Summary and Keywords
In the early 1940s, films started to appear where homosexual characters were represented as inherently criminal. These early representations were often subtle or implicit because various production codes operating in the United States and United Kingdom forbade explicit depictions or naming of homosexuality. During the 1940s, homosexuality was associated with disease and sexual deviance. This ensured that these early depictions were unflattering. Gradually, as time progressed and homosexuality became a less taboo topic, representations of homosexual criminality became less coded and more explicit. Filmmakers became bolder in their treatment of the theme of homosexuality and crime. The most fascinating discovery is that, when it comes to popular culture and the cinema, murder is the crime that is typically associated with homosexuality. However, murder has been a mainstay of crime film plots and so it is not surprising that homicide features in films linked to crime and homosexuality. By the year 2000, it is apparent that the cinematic treatment of homosexuality and crime had evolved to become quite sophisticated. Whereas earlier films reviled their homosexual characters such that they attracted little empathy from the audience, these later films have sought to engender a greater tolerance and sympathy for the homosexual killers they depict. Finally, it is important to note that films that depict homosexuals as killers are not an expression of homophobic sentient per se. Crime films have long situated killing as an essential aspect of their plots, and so films that feature homosexuals as murderers are simply a subset of this most popular cinematic genre.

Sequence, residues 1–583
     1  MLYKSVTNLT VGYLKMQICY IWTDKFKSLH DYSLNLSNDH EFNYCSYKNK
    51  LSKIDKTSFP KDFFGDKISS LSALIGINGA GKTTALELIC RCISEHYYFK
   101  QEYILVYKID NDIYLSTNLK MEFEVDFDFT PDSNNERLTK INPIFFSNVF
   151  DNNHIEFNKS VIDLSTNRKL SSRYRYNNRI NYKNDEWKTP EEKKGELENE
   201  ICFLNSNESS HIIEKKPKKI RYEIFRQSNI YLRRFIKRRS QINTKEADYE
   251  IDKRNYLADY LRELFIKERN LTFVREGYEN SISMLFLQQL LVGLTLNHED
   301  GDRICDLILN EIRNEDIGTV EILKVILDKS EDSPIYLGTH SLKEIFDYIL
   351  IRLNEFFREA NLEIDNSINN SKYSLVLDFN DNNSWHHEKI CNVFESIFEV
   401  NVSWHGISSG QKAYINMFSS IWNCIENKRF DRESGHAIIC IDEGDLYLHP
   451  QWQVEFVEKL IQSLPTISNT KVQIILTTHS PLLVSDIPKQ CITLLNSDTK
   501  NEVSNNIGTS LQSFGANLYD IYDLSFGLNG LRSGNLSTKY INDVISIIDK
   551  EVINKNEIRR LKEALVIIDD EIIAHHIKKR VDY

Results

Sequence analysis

Access to the complete content on Oxford Research Encyclopedia of Criminology requires a subscription or purchase. Public users are able to search the site and view the abstracts and keywords for each book and chapter without a subscription. If you are a student or academic complete our librarian recommendation form to recommend the Oxford Research Encyclopedias to your librarians for an institutional free trial.
If you have purchased a print title that contains an access token, please see the token for information about how to register your code.